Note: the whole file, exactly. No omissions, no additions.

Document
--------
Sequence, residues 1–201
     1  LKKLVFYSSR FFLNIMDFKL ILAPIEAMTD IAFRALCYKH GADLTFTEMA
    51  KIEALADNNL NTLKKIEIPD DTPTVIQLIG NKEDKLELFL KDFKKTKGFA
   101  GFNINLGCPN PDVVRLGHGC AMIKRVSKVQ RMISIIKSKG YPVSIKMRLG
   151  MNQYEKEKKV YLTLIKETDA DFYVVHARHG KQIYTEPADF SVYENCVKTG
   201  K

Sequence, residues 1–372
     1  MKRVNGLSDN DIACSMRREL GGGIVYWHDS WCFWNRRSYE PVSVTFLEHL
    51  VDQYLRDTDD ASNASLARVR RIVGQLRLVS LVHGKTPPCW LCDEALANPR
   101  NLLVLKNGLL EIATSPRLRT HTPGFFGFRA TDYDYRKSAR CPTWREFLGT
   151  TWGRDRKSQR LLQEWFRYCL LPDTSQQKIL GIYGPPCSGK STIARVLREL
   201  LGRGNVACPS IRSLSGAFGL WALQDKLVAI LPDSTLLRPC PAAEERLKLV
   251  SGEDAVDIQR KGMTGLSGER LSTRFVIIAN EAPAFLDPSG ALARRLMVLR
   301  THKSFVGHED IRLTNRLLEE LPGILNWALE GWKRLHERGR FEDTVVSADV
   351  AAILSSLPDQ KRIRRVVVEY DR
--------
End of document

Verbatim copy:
Sequence, residues 1–201
     1  LKKLVFYSSR FFLNIMDFKL ILAPIEAMTD IAFRALCYKH GADLTFTEMA
    51  KIEALADNNL NTLKKIEIPD DTPTVIQLIG NKEDKLELFL KDFKKTKGFA
   101  GFNINLGCPN PDVVRLGHGC AMIKRVSKVQ RMISIIKSKG YPVSIKMRLG
   151  MNQYEKEKKV YLTLIKETDA DFYVVHARHG KQIYTEPADF SVYENCVKTG
   201  K

Sequence, residues 1–372
     1  MKRVNGLSDN DIACSMRREL GGGIVYWHDS WCFWNRRSYE PVSVTFLEHL
    51  VDQYLRDTDD ASNASLARVR RIVGQLRLVS LVHGKTPPCW LCDEALANPR
   101  NLLVLKNGLL EIATSPRLRT HTPGFFGFRA TDYDYRKSAR CPTWREFLGT
   151  TWGRDRKSQR LLQEWFRYCL LPDTSQQKIL GIYGPPCSGK STIARVLREL
   201  LGRGNVACPS IRSLSGAFGL WALQDKLVAI LPDSTLLRPC PAAEERLKLV
   251  SGEDAVDIQR KGMTGLSGER LSTRFVIIAN EAPAFLDPSG ALARRLMVLR
   301  THKSFVGHED IRLTNRLLEE LPGILNWALE GWKRLHERGR FEDTVVSADV
   351  AAILSSLPDQ KRIRRVVVEY DR